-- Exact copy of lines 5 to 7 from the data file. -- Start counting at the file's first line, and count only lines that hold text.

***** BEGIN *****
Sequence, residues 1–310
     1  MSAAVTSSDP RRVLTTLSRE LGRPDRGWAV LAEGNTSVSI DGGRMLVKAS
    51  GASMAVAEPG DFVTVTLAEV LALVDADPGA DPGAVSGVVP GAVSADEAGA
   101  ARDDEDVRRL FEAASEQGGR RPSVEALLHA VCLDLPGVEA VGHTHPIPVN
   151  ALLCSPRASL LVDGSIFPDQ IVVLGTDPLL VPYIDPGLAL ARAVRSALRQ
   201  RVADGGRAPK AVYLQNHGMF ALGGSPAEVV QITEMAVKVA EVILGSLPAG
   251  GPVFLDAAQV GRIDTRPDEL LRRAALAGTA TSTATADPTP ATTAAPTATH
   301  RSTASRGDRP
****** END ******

   151  ALLCSPRASL LVDGSIFPDQ IVVLGTDPLL VPYIDPGLAL ARAVRSALRQ
   201  RVADGGRAPK AVYLQNHGMF ALGGSPAEVV QITEMAVKVA EVILGSLPAG
   251  GPVFLDAAQV GRIDTRPDEL LRRAALAGTA TSTATADPTP ATTAAPTATH